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After Two Big Deals With Universities, UIP Has More Acquisitions Coming

DC-based Urban Investment Partners has been ramping up its acquisition game—closing two major deals with universities this year—and has no plans of slowing down

UIP principal Steve Schwat

In February, the developer bought three American University office buildings, with plans to reposition two of them into apartments. This month, UIP bought a former George Washington University dorm on Virginia Avenue.

"We joked after we bought the buildings in Tenley that if we were to buy [the GW dorm] then we would then be able to say 'we're the most prolific buyer of real estate from private universities in the District of Columbia,' principal Steve Schwat, above, says. "I'm not sure what that gets us."

Steve tells Bisnow that what has been a "banner year" for UIP, with more than $80M in acquisitions, will likely grow to well over $100M, with other deals in the works he expects to close by year's end. 

UIP’s Steve Schwat and Brook Katzen in the firm’s D.C. office, photographed in 2016.

While the first thing they look at is typically Metro access, UIP's VP of development, Brook Katzen, right, says properties around college campuses are also very attractive for development.

"Universities are economic anchors of neighborhoods," Brook says. "They stabilize submarkets because they are major employers."  

"No doubt the transaction with American University gave us a certain degree of credibility with George Washington," Brook adds. "It was very recent, it was very similar, and it established a track record of executing something specific."

Steve also has a personal connection with both neighborhoods. He met his wife in a sophomore math class at GW (which he jokes he nearly failed). 

At the time, the dorm he just bought was a Howard Johnson hotel (see the vintage Howard Johnson ads on the wall above). The Watergate burglars stayed in the building during their stakeout in 1972. 


The building's history interested Steve, but it was its Foggy Bottom location that ultimately sold him on it. 

"We saw great location, the Watergate is popular, Foggy Bottom is popular, Georgetown is popular," Steve says. "I think we saw a lot of markets that we could draw from."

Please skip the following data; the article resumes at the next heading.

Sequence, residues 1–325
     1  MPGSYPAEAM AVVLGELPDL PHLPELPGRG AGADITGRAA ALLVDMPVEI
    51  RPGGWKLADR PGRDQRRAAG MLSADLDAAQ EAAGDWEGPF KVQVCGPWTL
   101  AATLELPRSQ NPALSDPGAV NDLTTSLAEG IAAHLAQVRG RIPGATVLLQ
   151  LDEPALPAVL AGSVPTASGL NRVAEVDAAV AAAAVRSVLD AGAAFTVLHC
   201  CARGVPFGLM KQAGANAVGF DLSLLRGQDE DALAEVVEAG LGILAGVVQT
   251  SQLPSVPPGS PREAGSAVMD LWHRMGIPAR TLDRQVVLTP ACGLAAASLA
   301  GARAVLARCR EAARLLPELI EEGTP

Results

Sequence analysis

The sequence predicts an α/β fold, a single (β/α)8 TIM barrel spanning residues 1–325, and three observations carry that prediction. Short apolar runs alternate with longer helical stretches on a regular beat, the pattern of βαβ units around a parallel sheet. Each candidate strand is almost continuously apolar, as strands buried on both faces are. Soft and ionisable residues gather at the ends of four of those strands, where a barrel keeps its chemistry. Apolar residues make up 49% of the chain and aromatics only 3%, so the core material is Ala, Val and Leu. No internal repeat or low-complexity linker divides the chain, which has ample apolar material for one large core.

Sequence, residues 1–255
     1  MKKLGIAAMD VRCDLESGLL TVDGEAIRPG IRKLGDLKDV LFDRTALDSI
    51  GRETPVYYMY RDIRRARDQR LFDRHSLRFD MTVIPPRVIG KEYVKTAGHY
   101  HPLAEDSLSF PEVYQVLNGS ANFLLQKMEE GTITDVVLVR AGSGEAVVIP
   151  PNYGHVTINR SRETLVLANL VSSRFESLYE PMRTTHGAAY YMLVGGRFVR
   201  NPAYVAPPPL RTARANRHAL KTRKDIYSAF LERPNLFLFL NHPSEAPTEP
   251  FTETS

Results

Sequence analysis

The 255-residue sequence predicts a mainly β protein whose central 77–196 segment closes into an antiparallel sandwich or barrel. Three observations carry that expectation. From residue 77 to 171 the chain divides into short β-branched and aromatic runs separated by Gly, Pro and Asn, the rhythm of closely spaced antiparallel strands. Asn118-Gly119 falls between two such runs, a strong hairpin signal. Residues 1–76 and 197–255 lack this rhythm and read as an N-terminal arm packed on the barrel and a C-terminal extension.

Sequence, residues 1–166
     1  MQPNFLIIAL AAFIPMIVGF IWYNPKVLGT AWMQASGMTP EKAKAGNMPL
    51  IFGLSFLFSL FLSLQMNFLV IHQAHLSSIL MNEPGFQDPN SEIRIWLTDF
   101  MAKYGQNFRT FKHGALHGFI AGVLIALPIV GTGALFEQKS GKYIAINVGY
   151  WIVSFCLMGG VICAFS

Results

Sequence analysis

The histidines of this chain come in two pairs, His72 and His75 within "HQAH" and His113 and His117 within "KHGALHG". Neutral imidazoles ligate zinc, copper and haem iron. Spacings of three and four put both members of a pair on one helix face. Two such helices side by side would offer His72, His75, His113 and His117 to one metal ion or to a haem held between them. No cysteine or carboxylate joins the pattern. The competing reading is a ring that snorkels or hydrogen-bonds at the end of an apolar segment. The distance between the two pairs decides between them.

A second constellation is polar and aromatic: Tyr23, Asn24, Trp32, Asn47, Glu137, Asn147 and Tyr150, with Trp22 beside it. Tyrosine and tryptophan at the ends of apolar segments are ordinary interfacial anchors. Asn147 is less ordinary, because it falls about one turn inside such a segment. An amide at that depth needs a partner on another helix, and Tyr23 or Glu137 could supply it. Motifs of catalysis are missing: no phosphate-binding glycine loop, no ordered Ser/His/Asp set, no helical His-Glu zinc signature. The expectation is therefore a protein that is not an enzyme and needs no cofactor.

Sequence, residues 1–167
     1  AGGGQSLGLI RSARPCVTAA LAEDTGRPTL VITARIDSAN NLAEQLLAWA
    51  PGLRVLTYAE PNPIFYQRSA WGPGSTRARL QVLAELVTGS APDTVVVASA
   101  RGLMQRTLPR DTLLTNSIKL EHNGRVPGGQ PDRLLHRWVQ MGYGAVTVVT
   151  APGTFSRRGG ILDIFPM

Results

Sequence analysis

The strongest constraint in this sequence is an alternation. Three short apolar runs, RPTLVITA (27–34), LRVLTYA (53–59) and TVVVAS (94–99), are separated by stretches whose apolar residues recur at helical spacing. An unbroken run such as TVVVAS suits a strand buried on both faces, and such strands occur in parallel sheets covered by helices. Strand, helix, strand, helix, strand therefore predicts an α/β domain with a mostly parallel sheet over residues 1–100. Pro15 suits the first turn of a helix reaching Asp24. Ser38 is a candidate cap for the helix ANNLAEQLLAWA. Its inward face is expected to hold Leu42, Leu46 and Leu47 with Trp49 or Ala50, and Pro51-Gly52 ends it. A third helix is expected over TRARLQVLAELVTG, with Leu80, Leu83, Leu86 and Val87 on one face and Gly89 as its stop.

The developer's $44M renovation, rendered above, includes repositioning the existing 97k SF building into 200 Class-A apartments and creating another 50 units by extending the building an extra 40k SF. 

"From an execution standpoint, it's very similar to what we’re good at and what we’re accustomed to doing," Brook says. "Taking an existing, underutilized structure in a great location and repositioning it into Class-A apartments, expanding it and adding density. It's very similar to what we’re doing in Tenleytown and elsewhere."  


Another familiar neighborhood, Tenleytown is where Steve and his wife lived after they got married and where they had their kids. He remembers in the '80s when the CVS was the original Hechinger hardware store.

In addition to the location, Steve and Brook saw the neighborhood as having untapped multifamily potential

"That Jemal building (Douglas Development's 4600 Wisconsin Ave project) is the first 60 units of rental to deliver in Tenley," Steve says. "There’s no other rental in Tenley, so we saw it as a wide open space, it's near a university."

"There’s a Metro station, a Whole Foods, a CVS," Brook adds. "It has all the infrastructure, just no apartment buildings yet."

Responding to this unmet demand, UIP is planning to redevelop one of the three AU buildings it bought with another building on Wisconsin Avenue into one building with 155 residential units and 12k SF of retail. Another of the three buildings on Brandywine Street will be converted into 100 apartments.  

Steve couldn't go into detail on the other deals he has in the works, but he says he has noticed a trend of rapid growth in the types of properties UIP is buying.

"There’s been a very consistent and structured growth in the company," he says. "I think we focus on larger deals, we're not focusing on 12- and 20-unit buildings anymore, were focusing on 60-, 80-, 100-, 200-unit buildings. We're not closing two deals a year. Now, we're closing six or eight."